Two top chefs serve up ideas for an alternative Christmas dinner

Turkey is for a crowd – these classics deliver real wow factor for a smaller group

Cliff House Hotel chef Ian Doyle with the stuffed trout dish. Photopraph: Patrick Browne

Cliff House Hotel chef Ian Doyle with the stuffed trout dish. Photopraph: Patrick Browne

 

WHOLE ROAST TROUT WITH HERB STUFFING AND MUSSEL CREAM SAUCE

Though simple to cook and easy to prepare in advance, this roast fish from Ian Doyle of Cliff House Hotel in Ardmore, Co Waterford is elegant and stylish enough for Christmas Day. Ask your fishmonger to de-scale, gut and bone out the trout, leaving head and tail on.

Serves 2-4
1 whole trout (500-600g), descaled, gutted and boned out
For the mussel cream sauce:
1kg mussels, approx.
250ml white wine
150ml water, approx
400ml cream
For the herb stuffing:
2 bunches of spring onions, whites only, chopped
2 garlic cloves, chopped
200g butter
5 tbsp chopped mixed herbs (chervil, dill, parsley, lemon geranium, sage etc)
Juice of ¼ lemon
300g fresh breadcrumbs
1 tbsp sunflower oil
Salt

Method

For the stuffing, gently sweat the onion and garlic in the butter until soft. Add the chopped herbs, breadcrumbs, lemon juice and mix well. Stuff the cavity of the fish and refrigerate until ready to roast.

For the mussel cream sauce, heat a large pot, add the mussels and wine. Bring to the boil, then top up with water to cover the mussels and simmer for 40 minutes. Strain the cooking liquid (the mussels can be refrigerated for adding to salads or chowder) and simmer for about 10 minutes until reduced by half. Add the cream and reduce until thick. Cool and refrigerate until ready to use.

Preheat the oven to 200 degrees. Remove the stuffed trout from the fridge. Rub the skin with oil and season with salt.

Place on a lightly oiled baking sheet and cook in preheated oven for 20 minutes. The flesh of the fish should no longer be translucent, and it should flake easily.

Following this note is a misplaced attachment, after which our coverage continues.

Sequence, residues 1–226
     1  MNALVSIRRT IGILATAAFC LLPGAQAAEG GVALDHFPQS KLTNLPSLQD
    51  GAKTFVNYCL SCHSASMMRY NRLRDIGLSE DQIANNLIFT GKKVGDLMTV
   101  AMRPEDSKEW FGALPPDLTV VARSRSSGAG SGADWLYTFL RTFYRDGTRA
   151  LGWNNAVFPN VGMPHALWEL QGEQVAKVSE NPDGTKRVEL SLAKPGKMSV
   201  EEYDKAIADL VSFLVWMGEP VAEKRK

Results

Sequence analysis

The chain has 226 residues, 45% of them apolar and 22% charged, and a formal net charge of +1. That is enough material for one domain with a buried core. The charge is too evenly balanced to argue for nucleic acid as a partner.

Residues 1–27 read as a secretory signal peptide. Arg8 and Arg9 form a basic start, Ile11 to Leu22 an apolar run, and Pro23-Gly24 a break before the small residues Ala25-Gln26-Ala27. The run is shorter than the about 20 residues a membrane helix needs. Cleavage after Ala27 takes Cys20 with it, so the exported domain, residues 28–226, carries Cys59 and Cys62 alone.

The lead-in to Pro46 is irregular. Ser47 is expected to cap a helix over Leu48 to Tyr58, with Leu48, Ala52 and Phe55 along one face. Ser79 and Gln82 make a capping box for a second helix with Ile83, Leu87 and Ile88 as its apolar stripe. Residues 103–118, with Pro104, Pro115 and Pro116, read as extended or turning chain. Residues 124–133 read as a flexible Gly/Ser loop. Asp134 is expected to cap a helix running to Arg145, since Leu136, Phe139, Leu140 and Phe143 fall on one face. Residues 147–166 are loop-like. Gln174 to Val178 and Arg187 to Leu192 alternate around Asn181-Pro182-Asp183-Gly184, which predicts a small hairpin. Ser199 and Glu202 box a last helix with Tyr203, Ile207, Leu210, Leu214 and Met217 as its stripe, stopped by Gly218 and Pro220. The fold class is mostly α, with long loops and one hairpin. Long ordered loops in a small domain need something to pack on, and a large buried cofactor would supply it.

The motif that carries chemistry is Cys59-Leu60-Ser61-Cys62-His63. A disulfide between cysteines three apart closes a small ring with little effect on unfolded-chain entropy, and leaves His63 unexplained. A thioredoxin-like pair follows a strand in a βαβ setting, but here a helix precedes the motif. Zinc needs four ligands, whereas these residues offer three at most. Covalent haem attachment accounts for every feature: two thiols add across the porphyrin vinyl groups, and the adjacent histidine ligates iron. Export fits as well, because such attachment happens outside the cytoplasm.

Meanwhile, gently reheat the mussel cream sauce. Place the cooked fish on a warmed platter and carve and portion at the table and serve with the mussel cream sauce on the side.

JUNIPER SALTED ROAST VENISON WITH HORSERADISH AND WALNUT SAUCE

Adapted from Rory O’Connell’s new cookbook and TV series, The Joy of Food, any leftovers of this seasonal dish will make the most glorious sandwiches, so consider increasing the quantities accordingly!

Serves 3-4
500g loin of venison, trimmed of all grizzle
½ tbsp extra virgin olive oil
2 tbsp brandy
150ml red wine
150ml beef or chicken stock
30g cold butter
½ tbsp chopped fresh chives

For the juniper salt:
1 tbsp juniper berries
Sea salt and freshly ground black pepper

For the horseradish and walnut sauce:
25g shelled walnuts, finely chopped
30g peeled fresh horseradish, grated
35ml cream
35ml crème fraîche
½ tbsp fresh white breadcrumbs
½ tsp caster sugar
Sea salt and freshly ground black pepper

Method

For the juniper salt, grind the juniper berries in a pestle and mortar or spice grinder to a coarse powder. Add a good pinch of salt and pepper and set aside.

For the sauce, gently mix all ingredients to combine and season to taste. Cover and refrigerate until ready to serve (or for up to two days).

Preheat the oven to 200 degrees. Rub the venison with olive oil and then with the juniper salt.

Heat a heavy-based sauté pan until quite hot. Add the venison to seal and colour on all sides, then place into a snug-fitting roasting tray and roast in the preheated oven for 10 minutes. Transfer the cooked venison to an upturned plate sitting inside a larger one to capture any escaping juices and rest in a warm oven.

Place the roasting tray over a medium heat. Add the brandy, allow to bubble up and evaporate almost completely, then add the wine. Allow to boil, stirring the bottom of the pan to loosen any caramelised meat juices. Reduce the wine by three-quarters, add the stock and allow to boil. Strain into a small saucepan, return to the boil and reduce the sauce to thicken very lightly.

Taste to check the intensity of flavour, and keep reducing if needed. Otherwise, reduce the heat to a bare simmer and add the cold butter. Shake the pan gently to create little waves as the butter melts gradually. The resulting sauce should be glossy, lightly thickened, flavoursome and rich.

To serve, carve the meat (adding any meat juices to the sauce) into slices 1cm thick. Arrange on hot plates with some very cold horseradish and walnut sauce on the edge of the meat. Sprinkle the plates with finely chopped chives or greens and serve immediately.

The Joy of Food: A Celebration of Good Things to Eat by Rory O’ Connell (Gill Books) available in bookshops and online, €24.99